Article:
The Hidden Costs of "Slowbalisation"

Apr 13 , 2024
By Daniel Gros

Despite the global disruptions of tariffs and geopolitical strife, international trade peaked in 2022, achieving the highest trade-to-GDP ratio on record. This counterintuitive rise comes even as major economies like the U.S. and China engage in tariff wars and the EU enforces strict sanctions on Russia. In this commentary provided by Project Syndicate (PS), Daniel Gros, director of the Institute for European Policy-Making at Bocconi University, writes that the resilience of the international trading system seems to defy the expected downturn from such conflicts.

The emergence of an open multilateral trading system that separated trade from geopolitics played a pivotal role in driving the post-World War II economy. But with trade policies increasingly shaped by geopolitical considerations, a new paradigm is becoming visible.

This trend started with the tariffs that former US President Donald Trump imposed on Chinese imports in 2018, which President Joe Biden's administration has maintained, and which caused China to impose its own tariffs on imports from the United States. Then, in 2022, following Russian President Vladimir Putin’s invasion of Ukraine, G7 countries and the European Union (EU) imposed sweeping economic sanctions on Russia, effectively prohibiting exports to Russia and imports of Russian goods.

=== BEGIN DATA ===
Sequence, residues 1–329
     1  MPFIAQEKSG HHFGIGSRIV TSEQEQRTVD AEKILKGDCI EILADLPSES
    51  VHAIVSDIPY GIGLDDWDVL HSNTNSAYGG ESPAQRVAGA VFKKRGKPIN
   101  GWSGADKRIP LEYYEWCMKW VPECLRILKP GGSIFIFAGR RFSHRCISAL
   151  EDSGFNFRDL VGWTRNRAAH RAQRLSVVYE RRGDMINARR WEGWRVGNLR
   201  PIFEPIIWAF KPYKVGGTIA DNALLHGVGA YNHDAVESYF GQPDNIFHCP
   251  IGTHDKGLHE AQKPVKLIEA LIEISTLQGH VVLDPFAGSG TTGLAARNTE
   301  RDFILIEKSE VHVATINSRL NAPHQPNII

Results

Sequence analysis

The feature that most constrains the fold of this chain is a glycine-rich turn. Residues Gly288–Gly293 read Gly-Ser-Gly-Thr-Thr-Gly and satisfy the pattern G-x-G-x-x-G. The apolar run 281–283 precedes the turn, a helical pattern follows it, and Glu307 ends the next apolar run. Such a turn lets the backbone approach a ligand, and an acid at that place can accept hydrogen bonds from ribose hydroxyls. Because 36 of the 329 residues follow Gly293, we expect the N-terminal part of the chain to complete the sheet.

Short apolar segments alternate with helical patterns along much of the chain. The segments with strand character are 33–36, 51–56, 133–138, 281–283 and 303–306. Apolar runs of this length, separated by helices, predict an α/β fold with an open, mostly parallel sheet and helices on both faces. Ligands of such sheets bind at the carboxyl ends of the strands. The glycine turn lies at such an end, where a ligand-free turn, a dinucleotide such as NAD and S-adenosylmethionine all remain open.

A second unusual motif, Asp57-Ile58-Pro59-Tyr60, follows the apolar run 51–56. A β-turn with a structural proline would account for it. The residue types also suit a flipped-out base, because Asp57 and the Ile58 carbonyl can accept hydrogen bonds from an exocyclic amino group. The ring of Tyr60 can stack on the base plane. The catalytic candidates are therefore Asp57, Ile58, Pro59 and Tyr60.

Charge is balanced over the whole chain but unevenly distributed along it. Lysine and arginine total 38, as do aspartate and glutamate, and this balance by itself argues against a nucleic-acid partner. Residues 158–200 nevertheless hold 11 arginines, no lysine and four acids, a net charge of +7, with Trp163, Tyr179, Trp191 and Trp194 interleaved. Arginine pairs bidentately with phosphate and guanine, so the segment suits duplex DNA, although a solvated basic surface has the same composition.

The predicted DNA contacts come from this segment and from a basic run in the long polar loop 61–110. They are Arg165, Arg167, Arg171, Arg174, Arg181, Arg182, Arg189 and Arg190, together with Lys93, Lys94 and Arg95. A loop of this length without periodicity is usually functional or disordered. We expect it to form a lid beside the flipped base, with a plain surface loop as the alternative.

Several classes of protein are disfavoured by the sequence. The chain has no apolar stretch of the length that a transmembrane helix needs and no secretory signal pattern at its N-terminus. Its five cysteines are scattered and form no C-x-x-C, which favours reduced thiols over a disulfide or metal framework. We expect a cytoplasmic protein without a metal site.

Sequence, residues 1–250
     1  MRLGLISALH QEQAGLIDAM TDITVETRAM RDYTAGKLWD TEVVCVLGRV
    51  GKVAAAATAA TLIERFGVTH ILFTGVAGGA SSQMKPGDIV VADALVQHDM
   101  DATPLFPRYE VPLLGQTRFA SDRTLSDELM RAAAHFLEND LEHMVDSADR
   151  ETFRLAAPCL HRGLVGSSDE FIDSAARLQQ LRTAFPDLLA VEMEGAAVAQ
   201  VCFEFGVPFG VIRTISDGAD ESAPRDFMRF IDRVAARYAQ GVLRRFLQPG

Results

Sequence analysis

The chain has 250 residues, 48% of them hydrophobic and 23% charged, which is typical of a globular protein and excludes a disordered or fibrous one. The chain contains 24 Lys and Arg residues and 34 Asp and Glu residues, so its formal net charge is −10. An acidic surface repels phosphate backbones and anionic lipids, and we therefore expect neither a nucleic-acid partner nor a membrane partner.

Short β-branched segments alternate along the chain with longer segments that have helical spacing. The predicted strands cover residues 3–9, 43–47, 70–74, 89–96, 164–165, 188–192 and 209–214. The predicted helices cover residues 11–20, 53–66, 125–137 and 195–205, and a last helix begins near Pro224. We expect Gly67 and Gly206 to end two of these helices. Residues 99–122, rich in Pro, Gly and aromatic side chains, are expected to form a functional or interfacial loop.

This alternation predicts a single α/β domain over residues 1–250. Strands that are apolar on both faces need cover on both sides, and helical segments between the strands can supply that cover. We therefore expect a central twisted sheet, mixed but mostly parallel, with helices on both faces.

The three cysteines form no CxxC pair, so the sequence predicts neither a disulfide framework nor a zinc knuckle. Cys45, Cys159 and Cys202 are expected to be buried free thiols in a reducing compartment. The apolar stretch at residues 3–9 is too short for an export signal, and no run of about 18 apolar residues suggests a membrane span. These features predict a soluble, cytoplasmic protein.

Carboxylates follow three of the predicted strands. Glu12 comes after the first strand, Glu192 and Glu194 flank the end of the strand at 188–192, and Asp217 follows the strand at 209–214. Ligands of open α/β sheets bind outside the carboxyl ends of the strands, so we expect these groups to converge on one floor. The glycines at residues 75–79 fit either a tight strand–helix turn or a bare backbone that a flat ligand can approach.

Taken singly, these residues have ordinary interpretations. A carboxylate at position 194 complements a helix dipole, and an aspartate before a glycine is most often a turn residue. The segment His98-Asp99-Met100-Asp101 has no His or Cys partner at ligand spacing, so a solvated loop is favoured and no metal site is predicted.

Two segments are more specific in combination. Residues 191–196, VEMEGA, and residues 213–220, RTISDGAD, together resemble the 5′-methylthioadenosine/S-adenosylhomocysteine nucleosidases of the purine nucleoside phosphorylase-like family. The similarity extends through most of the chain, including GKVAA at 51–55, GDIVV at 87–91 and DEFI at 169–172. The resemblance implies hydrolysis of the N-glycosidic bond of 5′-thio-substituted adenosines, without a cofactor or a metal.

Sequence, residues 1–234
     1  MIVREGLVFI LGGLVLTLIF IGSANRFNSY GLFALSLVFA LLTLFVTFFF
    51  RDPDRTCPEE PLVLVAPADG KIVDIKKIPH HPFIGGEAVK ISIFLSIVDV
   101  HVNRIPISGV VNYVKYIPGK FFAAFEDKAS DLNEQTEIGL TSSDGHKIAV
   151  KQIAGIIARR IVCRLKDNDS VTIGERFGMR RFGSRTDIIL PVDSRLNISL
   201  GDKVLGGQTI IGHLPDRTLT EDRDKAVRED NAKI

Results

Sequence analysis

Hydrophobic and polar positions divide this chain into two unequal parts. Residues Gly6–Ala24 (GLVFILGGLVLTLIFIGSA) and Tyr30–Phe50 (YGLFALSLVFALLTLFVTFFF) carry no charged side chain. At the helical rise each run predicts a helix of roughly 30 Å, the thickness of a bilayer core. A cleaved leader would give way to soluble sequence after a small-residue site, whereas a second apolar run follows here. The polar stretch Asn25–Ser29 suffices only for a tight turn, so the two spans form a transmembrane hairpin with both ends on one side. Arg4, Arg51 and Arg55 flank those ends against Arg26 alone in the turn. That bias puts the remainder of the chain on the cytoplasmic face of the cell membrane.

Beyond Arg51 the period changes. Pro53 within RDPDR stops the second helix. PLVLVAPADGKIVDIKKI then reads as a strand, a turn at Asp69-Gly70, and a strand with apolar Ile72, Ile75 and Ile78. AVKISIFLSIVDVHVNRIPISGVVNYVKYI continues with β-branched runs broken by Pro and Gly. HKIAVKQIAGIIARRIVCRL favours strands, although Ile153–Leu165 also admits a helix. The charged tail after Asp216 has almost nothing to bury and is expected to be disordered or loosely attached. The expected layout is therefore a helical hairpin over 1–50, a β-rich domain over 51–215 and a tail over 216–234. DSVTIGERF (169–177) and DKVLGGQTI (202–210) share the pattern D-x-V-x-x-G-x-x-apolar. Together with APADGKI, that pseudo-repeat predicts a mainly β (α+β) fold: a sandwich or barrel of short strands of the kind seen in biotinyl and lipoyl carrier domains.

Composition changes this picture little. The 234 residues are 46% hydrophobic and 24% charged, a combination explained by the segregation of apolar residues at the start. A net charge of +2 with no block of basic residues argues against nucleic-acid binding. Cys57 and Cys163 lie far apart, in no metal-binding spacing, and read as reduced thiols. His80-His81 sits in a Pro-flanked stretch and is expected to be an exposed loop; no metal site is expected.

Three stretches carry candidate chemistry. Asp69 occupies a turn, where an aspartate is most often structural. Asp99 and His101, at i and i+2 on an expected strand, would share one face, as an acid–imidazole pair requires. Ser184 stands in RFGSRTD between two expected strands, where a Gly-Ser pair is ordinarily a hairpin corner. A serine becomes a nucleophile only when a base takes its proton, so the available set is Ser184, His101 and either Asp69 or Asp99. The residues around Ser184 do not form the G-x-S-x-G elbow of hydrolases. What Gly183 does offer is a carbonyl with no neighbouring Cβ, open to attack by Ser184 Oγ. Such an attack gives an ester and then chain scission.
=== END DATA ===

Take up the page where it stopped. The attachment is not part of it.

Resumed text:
Instead of causing global trade to fall, as many expected, these trade barriers and restrictive measures merely slowed down globalisation, turning it into "slowbalisation." Remarkably, despite the war in Ukraine and the supply-chain disruptions of the past few years, trade as a percentage of GDP reached a record high in 2022, underscoring the resilience of the international trading system. The increases in container-shipment prices since 2022 can be attributed to an unexpected surge in the volume of goods shipped globally.

But, while it may be tempting to argue that geopolitically motivated measures have had a negligible economic impact, the perceived resilience of global trade can be misleading. Although the recent trade barriers led to higher trade volumes, many carry significant costs.

At first glance, the notion that a tariff could boost trade may seem paradoxical. But, almost all the tariffs and trade restrictions imposed by the US since 2018 have been specifically aimed at China, leaving imports from other countries untouched. Consequently, imports from China have fallen sharply, while imports from countries like Vietnam have surged. Many consumer products shipped to the US are now assembled in Vietnam and other Southeast Asian countries.

However, these imports still rely on intermediate inputs from China. Consequently, trade volumes have grown because, while US imports of consumer goods from Asia have remained consistent, China’s exports of intermediate inputs to its Asian neighbours have increased. Similarly, although Mexico has overtaken China as the leading exporter of goods to the US, its imports from China have surged by nearly 40pc since 2018.